Nature 437, 257-261 (8 September 2005) | doi: 10.1038/nature03989

The most infectious prion protein particles

Jay R. Silveira1, Gregory J. Raymond1, Andrew G. Hughson1, Richard E. Race1, Valerie L. Sim1, Stanley F. Hayes2 and Byron Caughey1

Neurodegenerative diseases such as Alzheimer's, Parkinson's and the transmissible spongiform encephalopathies (TSEs) are characterized by abnormal protein deposits, often with large amyloid fibrils. However, questions have arisen as to whether such fibrils or smaller subfibrillar oligomers are the prime causes of disease1, 2. Abnormal deposits in TSEs are rich in PrPres, a protease-resistant form of the PrP protein with the ability to convert the normal, protease-sensitive form of the protein (PrPsen) into PrPres (ref. 3). TSEs can be transmitted between organisms by an enigmatic agent (prion) that contains PrPres (refs 4 and 5). To evaluate systematically the relationship between infectivity, converting activity and the size of various PrPres-containing aggregates, PrPres was partially disaggregated, fractionated by size and analysed by light scattering and non-denaturing gel electrophoresis. Our analyses revealed that with respect to PrP content, infectivity and converting activity peaked markedly in 17−27-nm (300−600 kDa) particles, whereas these activities were substantially lower in large fibrils and virtually absent in oligomers of 5 PrP molecules. These results suggest that non-fibrillar particles, with masses equivalent to 14−28 PrP molecules, are the most efficient initiators of TSE disease.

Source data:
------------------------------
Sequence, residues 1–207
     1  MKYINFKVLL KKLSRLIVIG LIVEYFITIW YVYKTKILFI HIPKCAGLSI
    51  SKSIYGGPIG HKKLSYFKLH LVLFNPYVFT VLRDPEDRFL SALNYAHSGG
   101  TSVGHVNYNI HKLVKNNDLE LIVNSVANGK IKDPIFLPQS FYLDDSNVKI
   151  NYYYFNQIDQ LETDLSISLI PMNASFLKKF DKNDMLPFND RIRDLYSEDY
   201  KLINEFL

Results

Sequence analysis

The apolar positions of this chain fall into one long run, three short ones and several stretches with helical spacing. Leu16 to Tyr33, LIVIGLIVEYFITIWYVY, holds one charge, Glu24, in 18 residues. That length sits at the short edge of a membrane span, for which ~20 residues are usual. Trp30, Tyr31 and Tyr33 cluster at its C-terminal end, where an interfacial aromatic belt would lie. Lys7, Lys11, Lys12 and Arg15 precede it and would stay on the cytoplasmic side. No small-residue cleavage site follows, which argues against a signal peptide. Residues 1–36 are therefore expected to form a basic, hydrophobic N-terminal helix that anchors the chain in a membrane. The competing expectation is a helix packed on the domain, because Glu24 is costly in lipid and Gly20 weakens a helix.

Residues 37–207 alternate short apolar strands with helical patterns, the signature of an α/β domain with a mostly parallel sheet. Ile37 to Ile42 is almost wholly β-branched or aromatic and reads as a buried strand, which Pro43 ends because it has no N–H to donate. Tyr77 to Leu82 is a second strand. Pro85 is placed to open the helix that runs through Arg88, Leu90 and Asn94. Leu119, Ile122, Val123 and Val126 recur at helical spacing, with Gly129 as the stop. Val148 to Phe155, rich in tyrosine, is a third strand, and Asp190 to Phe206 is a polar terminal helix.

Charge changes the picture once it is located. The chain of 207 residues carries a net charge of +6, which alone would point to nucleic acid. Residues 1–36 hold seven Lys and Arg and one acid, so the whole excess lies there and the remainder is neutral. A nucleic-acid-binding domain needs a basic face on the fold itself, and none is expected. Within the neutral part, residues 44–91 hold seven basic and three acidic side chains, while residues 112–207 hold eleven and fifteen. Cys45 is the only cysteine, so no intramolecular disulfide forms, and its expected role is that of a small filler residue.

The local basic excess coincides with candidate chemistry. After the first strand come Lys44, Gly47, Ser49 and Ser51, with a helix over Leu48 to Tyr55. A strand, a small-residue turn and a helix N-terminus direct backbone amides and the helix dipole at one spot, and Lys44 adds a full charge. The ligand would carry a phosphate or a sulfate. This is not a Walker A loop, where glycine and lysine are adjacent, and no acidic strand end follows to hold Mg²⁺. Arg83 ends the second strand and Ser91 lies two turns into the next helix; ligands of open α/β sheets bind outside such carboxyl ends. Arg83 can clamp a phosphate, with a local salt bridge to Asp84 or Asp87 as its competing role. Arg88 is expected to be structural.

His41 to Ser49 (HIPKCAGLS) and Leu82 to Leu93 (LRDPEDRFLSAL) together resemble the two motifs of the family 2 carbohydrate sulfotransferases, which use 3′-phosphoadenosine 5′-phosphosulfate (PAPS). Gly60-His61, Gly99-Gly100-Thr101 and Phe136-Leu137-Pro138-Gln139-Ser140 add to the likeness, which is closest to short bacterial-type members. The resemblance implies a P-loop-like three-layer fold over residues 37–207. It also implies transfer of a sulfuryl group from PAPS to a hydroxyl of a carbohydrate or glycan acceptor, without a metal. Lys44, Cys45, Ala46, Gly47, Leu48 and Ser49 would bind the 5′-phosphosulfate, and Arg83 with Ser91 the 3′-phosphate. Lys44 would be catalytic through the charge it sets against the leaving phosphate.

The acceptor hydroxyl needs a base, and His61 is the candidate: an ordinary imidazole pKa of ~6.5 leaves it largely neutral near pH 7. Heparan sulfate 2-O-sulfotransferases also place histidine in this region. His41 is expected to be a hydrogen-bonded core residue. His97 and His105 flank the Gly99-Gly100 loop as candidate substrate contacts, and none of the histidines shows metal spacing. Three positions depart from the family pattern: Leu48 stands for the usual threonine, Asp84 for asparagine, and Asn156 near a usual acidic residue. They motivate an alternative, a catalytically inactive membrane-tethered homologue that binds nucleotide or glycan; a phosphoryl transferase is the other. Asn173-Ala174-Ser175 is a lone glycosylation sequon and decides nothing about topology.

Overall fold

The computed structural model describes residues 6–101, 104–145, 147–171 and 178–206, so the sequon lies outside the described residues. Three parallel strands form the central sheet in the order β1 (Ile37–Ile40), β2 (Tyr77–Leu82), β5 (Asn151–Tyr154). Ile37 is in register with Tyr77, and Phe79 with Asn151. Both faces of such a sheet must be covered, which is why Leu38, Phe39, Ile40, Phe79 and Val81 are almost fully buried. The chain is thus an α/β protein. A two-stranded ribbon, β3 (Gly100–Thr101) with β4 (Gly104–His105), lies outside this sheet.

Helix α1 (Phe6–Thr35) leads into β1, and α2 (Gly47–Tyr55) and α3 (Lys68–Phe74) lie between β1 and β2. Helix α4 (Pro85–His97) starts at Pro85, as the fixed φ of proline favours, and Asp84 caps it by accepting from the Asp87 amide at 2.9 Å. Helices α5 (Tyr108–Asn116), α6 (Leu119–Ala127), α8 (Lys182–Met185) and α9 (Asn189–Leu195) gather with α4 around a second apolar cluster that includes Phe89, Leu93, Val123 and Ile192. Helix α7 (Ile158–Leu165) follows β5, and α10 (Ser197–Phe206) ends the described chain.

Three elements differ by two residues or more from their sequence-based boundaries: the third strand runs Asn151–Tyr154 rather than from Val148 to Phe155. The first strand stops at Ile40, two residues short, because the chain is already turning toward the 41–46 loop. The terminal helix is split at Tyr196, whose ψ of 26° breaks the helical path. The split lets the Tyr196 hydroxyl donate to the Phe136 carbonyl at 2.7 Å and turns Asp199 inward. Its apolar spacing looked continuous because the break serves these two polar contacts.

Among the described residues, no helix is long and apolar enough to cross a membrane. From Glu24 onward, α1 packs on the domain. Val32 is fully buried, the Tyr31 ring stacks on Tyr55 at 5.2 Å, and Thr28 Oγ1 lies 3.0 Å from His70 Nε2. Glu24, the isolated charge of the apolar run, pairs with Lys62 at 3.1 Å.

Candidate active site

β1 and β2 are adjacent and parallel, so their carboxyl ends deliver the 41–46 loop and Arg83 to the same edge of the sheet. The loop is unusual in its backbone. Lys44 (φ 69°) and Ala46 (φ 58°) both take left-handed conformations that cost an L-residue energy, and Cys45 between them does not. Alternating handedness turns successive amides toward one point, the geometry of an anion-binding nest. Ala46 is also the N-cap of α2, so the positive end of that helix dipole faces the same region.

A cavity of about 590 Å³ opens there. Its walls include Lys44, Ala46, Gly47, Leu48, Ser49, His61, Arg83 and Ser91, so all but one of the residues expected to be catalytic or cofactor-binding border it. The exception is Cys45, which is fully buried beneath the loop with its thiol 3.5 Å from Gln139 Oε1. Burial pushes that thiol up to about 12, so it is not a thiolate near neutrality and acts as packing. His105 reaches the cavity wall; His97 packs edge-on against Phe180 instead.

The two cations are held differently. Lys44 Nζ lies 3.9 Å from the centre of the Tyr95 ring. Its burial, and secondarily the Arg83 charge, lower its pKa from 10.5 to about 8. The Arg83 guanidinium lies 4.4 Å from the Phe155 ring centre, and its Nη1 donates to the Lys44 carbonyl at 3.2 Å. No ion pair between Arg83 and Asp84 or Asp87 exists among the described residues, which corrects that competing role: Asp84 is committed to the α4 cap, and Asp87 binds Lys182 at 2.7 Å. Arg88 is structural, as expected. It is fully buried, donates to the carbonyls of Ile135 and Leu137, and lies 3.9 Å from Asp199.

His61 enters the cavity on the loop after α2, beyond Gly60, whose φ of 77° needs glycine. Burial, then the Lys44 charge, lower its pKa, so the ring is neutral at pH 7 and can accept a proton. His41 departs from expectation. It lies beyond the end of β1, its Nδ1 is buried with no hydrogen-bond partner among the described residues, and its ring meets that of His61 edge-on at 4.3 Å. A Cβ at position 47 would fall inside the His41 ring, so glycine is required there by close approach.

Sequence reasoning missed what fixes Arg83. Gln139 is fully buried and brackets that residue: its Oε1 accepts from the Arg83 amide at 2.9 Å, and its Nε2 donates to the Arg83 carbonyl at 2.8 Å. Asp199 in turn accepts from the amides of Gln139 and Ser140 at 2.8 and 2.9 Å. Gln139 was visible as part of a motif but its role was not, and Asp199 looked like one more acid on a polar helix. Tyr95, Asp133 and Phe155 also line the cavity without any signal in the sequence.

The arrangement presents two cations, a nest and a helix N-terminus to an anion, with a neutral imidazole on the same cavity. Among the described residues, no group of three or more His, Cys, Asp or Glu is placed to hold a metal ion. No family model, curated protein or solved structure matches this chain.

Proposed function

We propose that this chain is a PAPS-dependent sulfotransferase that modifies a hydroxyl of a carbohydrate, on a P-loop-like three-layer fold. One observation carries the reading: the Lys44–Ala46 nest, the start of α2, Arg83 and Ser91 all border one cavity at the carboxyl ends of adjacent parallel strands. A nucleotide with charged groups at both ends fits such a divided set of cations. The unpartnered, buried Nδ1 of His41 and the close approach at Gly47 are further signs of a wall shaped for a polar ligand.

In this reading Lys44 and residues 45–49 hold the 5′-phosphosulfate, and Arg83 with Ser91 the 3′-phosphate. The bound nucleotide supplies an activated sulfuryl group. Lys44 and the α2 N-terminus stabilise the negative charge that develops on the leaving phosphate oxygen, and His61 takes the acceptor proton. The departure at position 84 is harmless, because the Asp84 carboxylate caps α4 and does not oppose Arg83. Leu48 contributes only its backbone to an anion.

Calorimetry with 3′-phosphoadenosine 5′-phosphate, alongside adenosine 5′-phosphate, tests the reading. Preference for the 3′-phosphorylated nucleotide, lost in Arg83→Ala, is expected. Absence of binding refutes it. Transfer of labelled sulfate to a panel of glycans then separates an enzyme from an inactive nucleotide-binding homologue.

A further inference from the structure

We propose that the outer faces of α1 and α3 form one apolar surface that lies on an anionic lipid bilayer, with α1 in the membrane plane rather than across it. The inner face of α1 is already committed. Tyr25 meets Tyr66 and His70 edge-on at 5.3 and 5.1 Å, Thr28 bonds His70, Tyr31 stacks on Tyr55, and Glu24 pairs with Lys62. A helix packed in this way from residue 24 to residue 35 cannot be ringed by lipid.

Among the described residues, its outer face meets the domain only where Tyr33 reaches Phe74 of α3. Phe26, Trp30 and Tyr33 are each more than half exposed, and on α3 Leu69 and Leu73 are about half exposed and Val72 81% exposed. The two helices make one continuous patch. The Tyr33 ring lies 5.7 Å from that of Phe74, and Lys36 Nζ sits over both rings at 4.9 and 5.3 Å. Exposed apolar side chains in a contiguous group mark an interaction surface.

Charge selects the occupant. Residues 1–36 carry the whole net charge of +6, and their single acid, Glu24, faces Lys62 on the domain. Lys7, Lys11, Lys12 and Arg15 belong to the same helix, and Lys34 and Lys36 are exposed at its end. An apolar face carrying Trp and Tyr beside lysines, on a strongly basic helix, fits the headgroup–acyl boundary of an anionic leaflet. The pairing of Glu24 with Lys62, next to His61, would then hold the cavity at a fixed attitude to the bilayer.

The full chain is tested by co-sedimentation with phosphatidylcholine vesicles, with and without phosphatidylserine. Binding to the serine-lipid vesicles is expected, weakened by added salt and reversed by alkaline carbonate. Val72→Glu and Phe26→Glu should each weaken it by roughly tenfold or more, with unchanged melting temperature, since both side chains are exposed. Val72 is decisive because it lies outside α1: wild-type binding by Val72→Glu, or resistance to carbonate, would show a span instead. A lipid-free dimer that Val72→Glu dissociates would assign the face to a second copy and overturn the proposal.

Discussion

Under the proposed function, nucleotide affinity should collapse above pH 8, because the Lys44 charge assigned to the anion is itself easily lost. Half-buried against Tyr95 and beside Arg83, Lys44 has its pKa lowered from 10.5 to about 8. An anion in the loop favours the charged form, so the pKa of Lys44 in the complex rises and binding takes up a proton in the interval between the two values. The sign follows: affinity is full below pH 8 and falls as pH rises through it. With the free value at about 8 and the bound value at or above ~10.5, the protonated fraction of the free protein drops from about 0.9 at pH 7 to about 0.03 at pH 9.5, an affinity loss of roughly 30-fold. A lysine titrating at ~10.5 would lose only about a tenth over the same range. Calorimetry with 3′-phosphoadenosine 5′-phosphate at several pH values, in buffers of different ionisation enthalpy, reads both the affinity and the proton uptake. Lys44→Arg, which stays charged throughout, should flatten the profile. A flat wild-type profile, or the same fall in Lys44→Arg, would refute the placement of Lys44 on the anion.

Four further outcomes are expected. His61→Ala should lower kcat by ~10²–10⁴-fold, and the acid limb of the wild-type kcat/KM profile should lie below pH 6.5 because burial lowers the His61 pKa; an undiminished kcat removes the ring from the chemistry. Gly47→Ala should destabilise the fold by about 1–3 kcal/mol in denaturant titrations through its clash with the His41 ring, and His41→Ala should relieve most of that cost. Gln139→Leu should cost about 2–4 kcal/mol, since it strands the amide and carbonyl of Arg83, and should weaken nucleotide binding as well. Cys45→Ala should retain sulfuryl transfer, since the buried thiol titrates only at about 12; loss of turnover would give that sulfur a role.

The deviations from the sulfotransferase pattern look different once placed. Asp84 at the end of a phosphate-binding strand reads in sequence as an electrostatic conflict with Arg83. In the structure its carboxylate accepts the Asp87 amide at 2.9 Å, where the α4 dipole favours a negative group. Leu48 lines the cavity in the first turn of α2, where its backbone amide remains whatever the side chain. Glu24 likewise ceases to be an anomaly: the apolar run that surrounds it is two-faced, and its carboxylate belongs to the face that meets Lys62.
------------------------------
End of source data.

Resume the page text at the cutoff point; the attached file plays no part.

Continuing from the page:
1. Laboratory of Persistent Viral Diseases and
  2. Electron Microscopy Core Facility, Rocky Mountain Laboratories, National Institute of Allergy and Infectious Diseases, National Institutes of Health, Hamilton, Montana 59840, USA

Correspondence to: Byron Caughey1 Correspondence and requests for materials should be addressed to B.C. (Email: bcaughey@nih.gov).

Received 15 May 2005; Accepted 24 June 2005


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